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01-19-10 - Chapter 1 Science and Pseudoscience in...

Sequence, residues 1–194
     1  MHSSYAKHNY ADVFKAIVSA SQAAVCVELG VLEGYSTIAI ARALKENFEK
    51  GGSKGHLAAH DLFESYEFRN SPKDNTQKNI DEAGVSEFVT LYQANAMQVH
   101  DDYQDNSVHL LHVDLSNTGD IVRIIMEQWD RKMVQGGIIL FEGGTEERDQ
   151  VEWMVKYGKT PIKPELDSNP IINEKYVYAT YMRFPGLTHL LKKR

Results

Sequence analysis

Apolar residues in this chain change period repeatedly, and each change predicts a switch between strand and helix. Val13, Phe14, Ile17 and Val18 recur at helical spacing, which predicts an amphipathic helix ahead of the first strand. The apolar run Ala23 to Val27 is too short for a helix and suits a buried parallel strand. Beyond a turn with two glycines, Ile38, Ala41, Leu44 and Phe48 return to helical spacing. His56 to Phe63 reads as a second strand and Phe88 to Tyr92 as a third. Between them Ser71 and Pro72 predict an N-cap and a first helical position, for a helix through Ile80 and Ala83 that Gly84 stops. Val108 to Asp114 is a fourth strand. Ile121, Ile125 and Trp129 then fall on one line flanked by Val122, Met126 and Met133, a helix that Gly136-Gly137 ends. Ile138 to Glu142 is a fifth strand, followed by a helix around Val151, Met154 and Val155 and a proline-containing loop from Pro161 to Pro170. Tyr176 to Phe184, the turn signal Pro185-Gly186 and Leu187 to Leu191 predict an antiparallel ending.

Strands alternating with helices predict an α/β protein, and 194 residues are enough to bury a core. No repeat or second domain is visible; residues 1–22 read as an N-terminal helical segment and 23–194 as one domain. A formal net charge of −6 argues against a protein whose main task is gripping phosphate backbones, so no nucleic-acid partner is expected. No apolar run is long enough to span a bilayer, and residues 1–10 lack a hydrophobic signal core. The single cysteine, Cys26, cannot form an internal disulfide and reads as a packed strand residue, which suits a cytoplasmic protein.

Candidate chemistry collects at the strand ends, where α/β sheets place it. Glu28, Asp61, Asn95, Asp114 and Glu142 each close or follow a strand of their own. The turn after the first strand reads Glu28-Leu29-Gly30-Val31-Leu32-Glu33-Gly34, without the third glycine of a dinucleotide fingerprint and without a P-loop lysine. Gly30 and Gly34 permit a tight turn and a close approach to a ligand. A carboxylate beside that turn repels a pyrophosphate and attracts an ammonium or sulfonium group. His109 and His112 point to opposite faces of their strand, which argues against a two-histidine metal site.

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Unformatted text preview: Chapter 1: Science and Pseudoscience in Psychology Skills for Thinking Scientifically in Everyday Life Lecture Preview Explore the differences between science and popular psychology Discover principles of critical thinking and scientific skepticism Discuss pseudoscientific beliefs and how to identify them Science versus Popular Psychology Popular psychology industry - _____ sources of information about human behavior The problems with common sense Common sense can lead us to believe two things that _____________(e.g., proverbs). Naïve Realism The belief that we see the world precisely as it is Can cause us to make mistakes when _________. Popular Psychology Misinformation The Explosion quality of the information can be good, but it may be misleading, or dangerous How do we tell the difference between Information and Misinformation? They can appear similar Insist on ________ to make the distincition Psychology as a Science Science is an__________ , a toolbox of skills used to prevent us from fooling ourselves ◦ ◦ Communalism - willingness to ________. Disinterestedness - attempt to be ____ when evaluating evidence Science as a Safeguard against Bias Confirmation bias - tendency to seek out evidence that ____ our hypothesis and _______ contradicting evidence Belief perseverance - tendency to ________ even when evidence contradicts them Scientific Skepticism Scientific skeptics: 1) evaluate all claims with an __________. 2) insist on ______ _____ before accepting these claims Pathological skepticism - tendency to dismiss any claims that _________. Basic Principles of Critical Thinking Critical thinking - set of skills for evaluating all claims in an ______ and ___ fashion 1. Extraordinary claims require extraordinary evidence 2. Falsifiability - for a claim to be meaningful, it must be capable of being _________ • Risky predictions 3. Occam’s Razor (parsimony) - _______ ____ is the best one Basic Principles of Critical Thinking 4. Replicability - findings must be ____, ideally by ________. 5. Ruling out rival hypotheses - need to consider _______. 6. Correlation Is Not Causation • Correlation-causation fallacy • Third variable problem A B OR B A OR C •If A and B are correlated: B A ...
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